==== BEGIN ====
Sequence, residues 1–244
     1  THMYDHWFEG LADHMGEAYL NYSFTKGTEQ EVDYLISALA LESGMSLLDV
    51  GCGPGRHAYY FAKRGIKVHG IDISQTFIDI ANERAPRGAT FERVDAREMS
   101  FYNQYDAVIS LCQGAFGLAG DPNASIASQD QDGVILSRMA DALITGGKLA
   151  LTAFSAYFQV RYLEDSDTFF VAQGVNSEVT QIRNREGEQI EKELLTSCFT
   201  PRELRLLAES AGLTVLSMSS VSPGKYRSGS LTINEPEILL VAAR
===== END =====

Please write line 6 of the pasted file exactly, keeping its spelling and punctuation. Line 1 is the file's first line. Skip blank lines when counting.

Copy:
   201  PRELRLLAES AGLTVLSMSS VSPGKYRSGS LTINEPEILL VAAR